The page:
The Varieties of Religious Experience
by William James
Moksha: Aldous Huxley's Classic Writings on Psychedelics and the Visionary Experience
by Aldous Huxley
Authors of the Impossible: The Paranormal and the Sacred
by Jeffrey J Kripal
When God Talks Back: Understanding the American Evangelical Relationship with God
by Tanya Luhrmann
Centuries of Meditations
by Thomas Traherne
States of ecstasy (from the ancient Greek ekstasis, meaning ‘standing outside’) are moments when you lose your ordinary sense of self and feel connected to something greater than you. It can be euphoric, but it can also be terrifying, says the philosopher Jules Evans. Here he selects five books that explore the significance and power of these surprisingly common experiences.
Humanist ideas are not a recent phenomenon, but have been around for millennia, says Andrew Copson, chief executive of Humanists UK. He explains why it’s worth making a positive choice to be a humanist and recommends a great humanist reading list.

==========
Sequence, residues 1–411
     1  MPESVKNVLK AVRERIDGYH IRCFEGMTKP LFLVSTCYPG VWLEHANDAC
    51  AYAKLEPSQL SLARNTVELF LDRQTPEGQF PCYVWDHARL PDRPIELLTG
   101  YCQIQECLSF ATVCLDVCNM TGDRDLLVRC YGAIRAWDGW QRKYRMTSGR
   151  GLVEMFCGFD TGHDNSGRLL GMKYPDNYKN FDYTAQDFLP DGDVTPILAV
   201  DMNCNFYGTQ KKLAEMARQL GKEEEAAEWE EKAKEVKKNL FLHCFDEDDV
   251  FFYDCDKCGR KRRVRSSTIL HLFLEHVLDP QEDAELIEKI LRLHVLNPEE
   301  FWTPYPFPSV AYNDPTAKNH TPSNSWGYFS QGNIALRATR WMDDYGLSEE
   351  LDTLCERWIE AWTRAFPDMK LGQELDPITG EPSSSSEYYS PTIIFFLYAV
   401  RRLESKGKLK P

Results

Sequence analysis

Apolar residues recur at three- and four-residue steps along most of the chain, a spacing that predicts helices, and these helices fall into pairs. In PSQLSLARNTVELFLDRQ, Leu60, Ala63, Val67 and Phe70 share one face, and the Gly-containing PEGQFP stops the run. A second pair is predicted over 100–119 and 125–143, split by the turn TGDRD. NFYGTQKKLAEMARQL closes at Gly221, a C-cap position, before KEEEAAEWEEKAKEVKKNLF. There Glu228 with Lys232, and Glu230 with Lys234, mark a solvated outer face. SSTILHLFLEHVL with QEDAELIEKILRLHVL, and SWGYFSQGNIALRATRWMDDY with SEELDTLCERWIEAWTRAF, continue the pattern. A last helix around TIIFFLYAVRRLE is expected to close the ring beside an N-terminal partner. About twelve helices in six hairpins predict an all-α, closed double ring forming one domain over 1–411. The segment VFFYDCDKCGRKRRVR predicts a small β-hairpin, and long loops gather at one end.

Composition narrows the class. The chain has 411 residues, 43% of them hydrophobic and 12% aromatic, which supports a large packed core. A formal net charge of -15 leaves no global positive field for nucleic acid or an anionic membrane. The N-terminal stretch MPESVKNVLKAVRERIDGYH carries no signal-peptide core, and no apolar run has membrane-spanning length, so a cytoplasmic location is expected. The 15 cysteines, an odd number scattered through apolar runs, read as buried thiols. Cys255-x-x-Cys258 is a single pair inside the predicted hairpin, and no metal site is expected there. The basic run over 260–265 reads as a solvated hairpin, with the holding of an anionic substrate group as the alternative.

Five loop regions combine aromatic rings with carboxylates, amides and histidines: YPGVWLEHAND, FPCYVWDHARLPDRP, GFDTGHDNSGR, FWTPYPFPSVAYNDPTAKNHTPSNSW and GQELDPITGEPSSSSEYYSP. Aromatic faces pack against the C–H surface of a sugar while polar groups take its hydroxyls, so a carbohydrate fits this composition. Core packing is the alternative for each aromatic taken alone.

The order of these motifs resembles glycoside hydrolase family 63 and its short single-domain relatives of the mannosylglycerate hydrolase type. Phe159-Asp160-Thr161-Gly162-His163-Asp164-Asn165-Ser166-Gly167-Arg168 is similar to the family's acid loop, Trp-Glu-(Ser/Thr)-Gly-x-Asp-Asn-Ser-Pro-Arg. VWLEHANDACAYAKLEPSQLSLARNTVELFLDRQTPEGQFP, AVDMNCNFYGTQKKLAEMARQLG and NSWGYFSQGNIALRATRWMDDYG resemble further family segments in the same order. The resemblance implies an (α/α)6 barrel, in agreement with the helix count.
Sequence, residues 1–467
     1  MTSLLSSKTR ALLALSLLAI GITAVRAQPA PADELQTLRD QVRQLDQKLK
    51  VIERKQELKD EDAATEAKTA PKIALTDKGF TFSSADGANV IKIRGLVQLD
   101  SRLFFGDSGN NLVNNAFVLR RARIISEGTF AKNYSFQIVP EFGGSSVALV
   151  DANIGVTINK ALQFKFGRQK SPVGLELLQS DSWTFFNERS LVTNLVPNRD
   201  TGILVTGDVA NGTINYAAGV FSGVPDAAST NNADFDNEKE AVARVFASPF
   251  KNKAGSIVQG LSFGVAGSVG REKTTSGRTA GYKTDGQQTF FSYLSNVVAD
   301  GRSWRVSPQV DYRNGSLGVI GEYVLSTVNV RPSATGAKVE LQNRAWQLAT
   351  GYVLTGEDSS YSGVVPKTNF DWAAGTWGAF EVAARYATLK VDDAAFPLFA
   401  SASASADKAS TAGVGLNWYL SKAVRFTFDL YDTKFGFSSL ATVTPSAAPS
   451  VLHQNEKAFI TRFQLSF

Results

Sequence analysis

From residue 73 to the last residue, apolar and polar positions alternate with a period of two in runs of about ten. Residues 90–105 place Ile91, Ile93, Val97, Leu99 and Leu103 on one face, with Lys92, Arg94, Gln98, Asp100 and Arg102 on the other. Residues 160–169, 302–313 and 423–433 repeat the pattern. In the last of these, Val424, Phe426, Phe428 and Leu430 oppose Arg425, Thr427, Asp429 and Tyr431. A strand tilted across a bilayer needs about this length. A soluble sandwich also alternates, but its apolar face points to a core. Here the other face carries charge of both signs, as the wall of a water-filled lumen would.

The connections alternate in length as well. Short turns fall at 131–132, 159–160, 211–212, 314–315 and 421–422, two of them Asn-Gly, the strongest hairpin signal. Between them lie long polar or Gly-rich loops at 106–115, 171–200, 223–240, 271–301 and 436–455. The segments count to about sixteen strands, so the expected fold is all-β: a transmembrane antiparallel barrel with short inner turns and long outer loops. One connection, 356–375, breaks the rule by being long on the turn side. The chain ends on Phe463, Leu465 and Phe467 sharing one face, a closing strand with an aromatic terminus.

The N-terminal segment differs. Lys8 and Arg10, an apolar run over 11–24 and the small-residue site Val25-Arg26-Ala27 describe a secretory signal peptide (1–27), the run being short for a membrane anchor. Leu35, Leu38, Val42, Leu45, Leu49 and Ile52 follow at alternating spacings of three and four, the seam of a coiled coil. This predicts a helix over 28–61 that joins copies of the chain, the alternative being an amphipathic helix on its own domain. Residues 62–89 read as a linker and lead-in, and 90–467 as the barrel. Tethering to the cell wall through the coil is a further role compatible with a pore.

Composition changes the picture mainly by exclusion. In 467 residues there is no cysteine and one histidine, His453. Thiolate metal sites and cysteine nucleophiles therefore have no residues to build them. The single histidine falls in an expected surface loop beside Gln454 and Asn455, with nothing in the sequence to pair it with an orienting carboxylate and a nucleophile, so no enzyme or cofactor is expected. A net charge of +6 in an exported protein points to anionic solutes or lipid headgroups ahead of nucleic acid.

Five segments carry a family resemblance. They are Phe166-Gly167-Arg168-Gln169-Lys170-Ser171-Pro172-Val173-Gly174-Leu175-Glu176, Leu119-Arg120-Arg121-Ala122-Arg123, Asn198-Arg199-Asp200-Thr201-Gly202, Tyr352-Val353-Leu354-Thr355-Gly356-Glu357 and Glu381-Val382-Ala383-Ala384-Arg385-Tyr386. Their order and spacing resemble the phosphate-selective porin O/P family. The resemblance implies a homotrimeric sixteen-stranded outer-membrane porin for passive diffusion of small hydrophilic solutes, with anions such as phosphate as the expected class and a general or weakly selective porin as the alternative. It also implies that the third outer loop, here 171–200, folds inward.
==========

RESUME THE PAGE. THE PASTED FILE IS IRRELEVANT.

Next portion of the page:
The Varieties of Scientific Experience: A Personal View of the Search for God
by Carl Sagan
The Atheist's Guide to Reality: Enjoying Life without Illusions
by Alex Rosenberg
God in the Age of Science?: A Critique of Religious Reason
by Herman Philipse
Breaking the Spell: Religion as a Natural Phenomenon
by Daniel C Dennett
A History of the Warfare of Science with Theology in Christendom
by Andrew Dickson White
The former magician sharpens his knives against proponents of flim-flam, pseudoscience and the so-called paranormal. And tells us where the creator of Sherlock Holmes went very badly wrong. He picks the best books on scepticism.
Evolutionary biologist, Jerry Coyne, tells us why Darwin is still essential reading and sifts the vast amount of more recent writing on evolution for books that are both inspiring to scientists and accessible to general readers. He picks the best books on evolution.
The professor of religious history says that though the world may seem to be increasingly secular, the growth of Christianity and Islam in some places disproves it. He chooses five books that fuel the debate